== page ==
Williamsburg/ James City County schools are fully accredited and meeting all state standards for achievement in English, mathematics, history and science – and graduation, in the case of high schools – the Virginia Department of Education (VDOE) announced yesterday.
In addition to Williamsburg / James City Schools, Chesapeake, Gloucester County , Isle of Wight County , Mathews County , New Kent County ,Poquoson ,West Point and York County were the other local divisions to earn full accreditation for all their schools
Elsewhere around Hampton Roads 14 of Norfolk’s schools fell short of state targets, four more than last year. Sadly, Norfolk again ranks among the lowest-performing divisions in Virginia. Of the 14 Norfolk schools that missed full accreditation, half fell short only because of math scores..
Every school in York, Poquoson, Williamsburg-James City, Gloucester, Isle of Wight, Mathews and Surry earned full accreditation.
Eight Newport News Schools missed the accreditation goals and were accredited with warning. At the elementary level, Carver, Newsome Park and Sedgefield and missed the math goals, with pass rates of 37 percent, 34 percent and 32 percent respectively. Newsome Park and Sedgefield also missed the 75 percent English pass rate, posting 68 percent and 61 percent. Horace H. Epes Elementary missed the English pass rate, posting 70 percent. Willis A. Jenkins also missed the English target, with a 73 percent pass rate. Newsome Park and Sedgefield were accredited with warning last year based on their reading test pass rates.
Mary Passage Middle School missed the math target, posting a 53 percent pass rate. Crittenden Middle School met the math mark, but missed the history goal, with a 66 percent pass rate, just shy of the 70 percent target. Denbigh High was accredited with warning with a 49 percent pass rate in math. All of the high schools met the 85-point graduation index goal.
In Hampton six schools were accredited with warning based on last year’s SOL test results. All the high schools met the graduation index target.
Four Portsmouth schools missed full accreditation, compared with two last year. Suffolk had two schools miss the standard, as it did a year ago. Virginia Beach saw two schools not fully accredited, compared with one last year.
See all Virginia accreditation ratings for 2012-2013 for all schools are available on the VDOE website.
Ninety-six percent of Virginia’s elementary schools and 88 percent of middle schools are fully accredited for the 2012-2013 school year, based on the performance of students on Standards of Learning (SOL) and other state assessments during 2011-2012.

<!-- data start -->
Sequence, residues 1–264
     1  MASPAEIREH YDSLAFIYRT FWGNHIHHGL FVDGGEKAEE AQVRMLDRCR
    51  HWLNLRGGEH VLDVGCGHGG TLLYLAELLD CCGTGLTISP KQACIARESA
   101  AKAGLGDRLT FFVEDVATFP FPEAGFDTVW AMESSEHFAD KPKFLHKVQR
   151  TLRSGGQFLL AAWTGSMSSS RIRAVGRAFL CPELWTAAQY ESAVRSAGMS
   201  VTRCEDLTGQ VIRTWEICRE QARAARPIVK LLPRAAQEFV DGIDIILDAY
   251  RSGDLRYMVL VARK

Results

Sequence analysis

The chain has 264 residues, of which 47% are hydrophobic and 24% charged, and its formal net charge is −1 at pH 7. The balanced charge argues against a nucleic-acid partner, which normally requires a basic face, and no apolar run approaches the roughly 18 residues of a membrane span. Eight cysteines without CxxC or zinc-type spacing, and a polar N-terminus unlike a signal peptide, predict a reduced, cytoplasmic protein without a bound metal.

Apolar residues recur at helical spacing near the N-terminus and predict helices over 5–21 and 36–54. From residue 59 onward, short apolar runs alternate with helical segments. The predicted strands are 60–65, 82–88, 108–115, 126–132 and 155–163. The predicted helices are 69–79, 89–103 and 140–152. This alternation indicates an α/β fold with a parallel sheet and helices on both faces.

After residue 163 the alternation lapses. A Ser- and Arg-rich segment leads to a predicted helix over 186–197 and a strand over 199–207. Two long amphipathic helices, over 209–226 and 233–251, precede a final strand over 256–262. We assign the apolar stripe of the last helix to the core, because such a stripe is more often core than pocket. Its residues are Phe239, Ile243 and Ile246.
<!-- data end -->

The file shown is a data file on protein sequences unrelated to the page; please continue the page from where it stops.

Accreditation, the state’s required measure of how well a school or division performs, is based largely on student achievement on the state’s English, math, science and history Standards of Learning exams. High schools also must earn 85 or more points on the state’s graduation index.
In middle and high schools, at least 70 percent of students must pass the SOL tests.
In elementary school, 75 percent of students must pass reading tests in the third, fourth and fifth grades; 70 percent in math and fifth-grade science and history; and 50 percent in third-grade science and history.
The state uses an average of three consecutive years of pass rates, called a rolling average, when calculating the accreditation pass rates. That is why many schools and divisions with pass rates of less than 70 percent on the 2011-12 SOL math tests, which were new, still hit the accreditation target pass rate.
The graduation index counts students who earn diplomas, general education development or GED certificates, or are enrolled in a fifth year of high school. In 2011-12, 86 percent of the state’s high schools were accredited, down from 99 percent the prior year. The difference was the introduction of the graduation index.
Schools or divisions that miss one or more accreditation pass rate targets are accredited with warning and must develop and implement an improvement plan. If a school misses an accreditation target for three consecutive years, the state denies its accreditation and it must work with the state board of education to improve achievement. New schools are given conditional accreditation for a year, then their SOL results are considered for full accreditation.
The state has updated division and school report cards on the Department of Education website to show the 2012-13 accreditation status.
In Virginia the percentage of fully accredited high schools rose to 90 percent, compared with 86 percent last year when the Board of Education began including a “graduation and completion index” into the accountability formula for high schools, in addition to student achievement on state tests. The graduation and completion index system awards full credit for students who earn a board-recognized diploma and partial credit for students who earn GEDs and local credentials, as well as for students who are still enrolled and expected to return for a fifth year of high school. High schools must have a graduation and completion index of at least 85 for full accreditation.